Government guidelines, updated last month, say patients who test positive for Covid-19 could still be relocated to nursing homes.
There are currently 141 homes – 13% of Scotland’s total – battling coronavirus infections, according to figures released yesterday, with 2,156 residents having died since the pandemic began in March.
When asked to ensure that no Covid-19 positive patients were sent to care homes, Freeman admitted he was still allowed if it was “in the clinical best interests of the person. to shift”.
In response to a question from Monica Lennon of Labor, Freeman said: ‘The guidelines of the Scottish Government and the Scottish Health Protection indicate a presumption that anyone admitted to a care facility must test negative before being discharged. admission, unless it is in the individual’s clinical interest. be moved.
“This clinically driven decision is about exceptional circumstances and after a full risk assessment, consultation with the resident, family and nursing home on what is right for the individual and the implementation of mitigation and control measures. appropriate support.
Opposition politicians and families of nursing home residents reacted with anger and disbelief to Freeman’s statement.
Caroline Grattan, 56, believes the death of her mother, Margaret Johnston, from the coronavirus occurred because she was at greater risk of infected patients being transferred from the hospital to her care home.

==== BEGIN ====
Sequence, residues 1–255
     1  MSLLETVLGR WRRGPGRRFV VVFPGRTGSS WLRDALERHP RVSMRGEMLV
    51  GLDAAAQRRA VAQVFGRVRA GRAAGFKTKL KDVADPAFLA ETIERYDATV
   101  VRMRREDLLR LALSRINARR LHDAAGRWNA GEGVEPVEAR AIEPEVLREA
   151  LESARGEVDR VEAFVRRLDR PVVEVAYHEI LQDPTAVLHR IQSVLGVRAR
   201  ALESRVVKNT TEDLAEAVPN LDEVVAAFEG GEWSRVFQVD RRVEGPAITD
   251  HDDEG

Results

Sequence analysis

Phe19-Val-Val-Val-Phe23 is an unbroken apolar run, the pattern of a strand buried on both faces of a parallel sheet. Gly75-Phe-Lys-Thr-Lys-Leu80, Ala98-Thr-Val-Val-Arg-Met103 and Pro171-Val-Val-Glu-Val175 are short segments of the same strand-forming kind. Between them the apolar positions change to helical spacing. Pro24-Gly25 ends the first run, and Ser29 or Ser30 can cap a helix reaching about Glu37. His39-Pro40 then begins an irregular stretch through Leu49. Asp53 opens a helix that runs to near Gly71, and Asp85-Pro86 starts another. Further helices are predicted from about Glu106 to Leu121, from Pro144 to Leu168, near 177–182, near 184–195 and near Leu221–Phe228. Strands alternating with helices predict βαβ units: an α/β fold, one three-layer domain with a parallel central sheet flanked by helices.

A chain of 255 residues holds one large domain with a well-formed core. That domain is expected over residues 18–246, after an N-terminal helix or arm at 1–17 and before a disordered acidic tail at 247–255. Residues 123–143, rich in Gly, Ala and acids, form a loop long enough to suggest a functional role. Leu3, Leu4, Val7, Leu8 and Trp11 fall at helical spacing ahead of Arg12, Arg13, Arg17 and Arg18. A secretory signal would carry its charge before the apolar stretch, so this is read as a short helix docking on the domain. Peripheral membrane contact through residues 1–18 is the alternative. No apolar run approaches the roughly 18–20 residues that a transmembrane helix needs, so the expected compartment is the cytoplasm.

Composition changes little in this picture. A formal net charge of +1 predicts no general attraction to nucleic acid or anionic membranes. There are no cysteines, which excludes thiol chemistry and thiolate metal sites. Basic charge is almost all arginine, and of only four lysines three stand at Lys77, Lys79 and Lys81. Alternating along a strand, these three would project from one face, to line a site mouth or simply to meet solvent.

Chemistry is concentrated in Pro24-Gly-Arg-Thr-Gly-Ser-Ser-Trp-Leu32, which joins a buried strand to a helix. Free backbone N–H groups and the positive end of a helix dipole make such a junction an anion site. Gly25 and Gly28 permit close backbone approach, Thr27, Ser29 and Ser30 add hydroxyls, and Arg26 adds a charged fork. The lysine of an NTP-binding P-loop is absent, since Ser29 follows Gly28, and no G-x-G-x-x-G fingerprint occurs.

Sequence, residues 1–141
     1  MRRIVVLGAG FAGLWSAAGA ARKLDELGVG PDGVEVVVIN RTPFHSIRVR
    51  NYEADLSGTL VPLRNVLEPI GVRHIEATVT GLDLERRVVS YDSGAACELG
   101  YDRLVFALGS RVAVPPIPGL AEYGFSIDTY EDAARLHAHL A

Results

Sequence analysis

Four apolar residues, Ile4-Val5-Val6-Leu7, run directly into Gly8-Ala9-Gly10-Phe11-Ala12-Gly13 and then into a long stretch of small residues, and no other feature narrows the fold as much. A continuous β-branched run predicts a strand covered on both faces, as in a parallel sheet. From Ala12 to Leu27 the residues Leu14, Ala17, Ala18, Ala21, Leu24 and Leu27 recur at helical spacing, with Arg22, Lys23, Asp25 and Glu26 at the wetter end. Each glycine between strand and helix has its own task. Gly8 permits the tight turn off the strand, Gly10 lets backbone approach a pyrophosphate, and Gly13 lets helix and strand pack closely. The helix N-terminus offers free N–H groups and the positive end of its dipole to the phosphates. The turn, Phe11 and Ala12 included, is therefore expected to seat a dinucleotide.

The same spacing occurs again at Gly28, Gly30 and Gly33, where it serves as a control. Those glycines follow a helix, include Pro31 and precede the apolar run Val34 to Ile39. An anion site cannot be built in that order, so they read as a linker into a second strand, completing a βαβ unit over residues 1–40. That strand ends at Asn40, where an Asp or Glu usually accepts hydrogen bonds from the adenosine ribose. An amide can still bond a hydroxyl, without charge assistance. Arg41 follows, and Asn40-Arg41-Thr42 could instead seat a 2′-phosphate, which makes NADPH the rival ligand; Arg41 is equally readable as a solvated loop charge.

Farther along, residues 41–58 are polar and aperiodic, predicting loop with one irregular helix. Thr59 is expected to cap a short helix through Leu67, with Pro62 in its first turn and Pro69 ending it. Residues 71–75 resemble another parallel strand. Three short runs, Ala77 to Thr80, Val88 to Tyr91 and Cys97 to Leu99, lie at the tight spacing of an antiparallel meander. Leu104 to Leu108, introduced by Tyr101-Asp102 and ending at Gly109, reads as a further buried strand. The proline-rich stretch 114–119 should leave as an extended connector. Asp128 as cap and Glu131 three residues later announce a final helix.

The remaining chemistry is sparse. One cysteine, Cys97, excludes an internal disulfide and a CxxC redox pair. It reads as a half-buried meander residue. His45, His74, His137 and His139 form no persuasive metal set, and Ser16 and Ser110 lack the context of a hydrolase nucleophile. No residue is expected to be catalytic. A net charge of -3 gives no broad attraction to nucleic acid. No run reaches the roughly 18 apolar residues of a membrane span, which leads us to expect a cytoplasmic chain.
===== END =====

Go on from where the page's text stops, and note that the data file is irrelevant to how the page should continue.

Margaret, 88, died at Orchard Care Center in Tullibody, Clackmannanshire, in May after contracting Covid-19.
Caroline plans a lawsuit against the owners of the home, HC-One, over the belief that her mother was at greater risk due to her discharge from the hospital. Asked about fears that infected patients will still be transferred to homes, she said: “I can’t believe this. It’s disgusting. We will lose more people and the deaths will escalate. My mom and all the other deceased residents should still be there.
“My mother was fit and healthy until they sent patients from the hospital to nursing homes.
Caroline alerted law firm Leigh Day, which is investigating possible lawsuits against HC-One on behalf of the families of the victims.
In response, HC-One said they had “the greatest sympathy for the distress and loss that has been felt by so many people in recent months” and would refer any legal claims to their insurers.
Sonia Dixon, 37, whose 100-year-old great-grandmother Doreen Tilly is in a nursing home in Glenrothes, said: “I am really shocked and disgusted that this can still happen. It feels like no lesson has been learned and we are all making the same mistakes.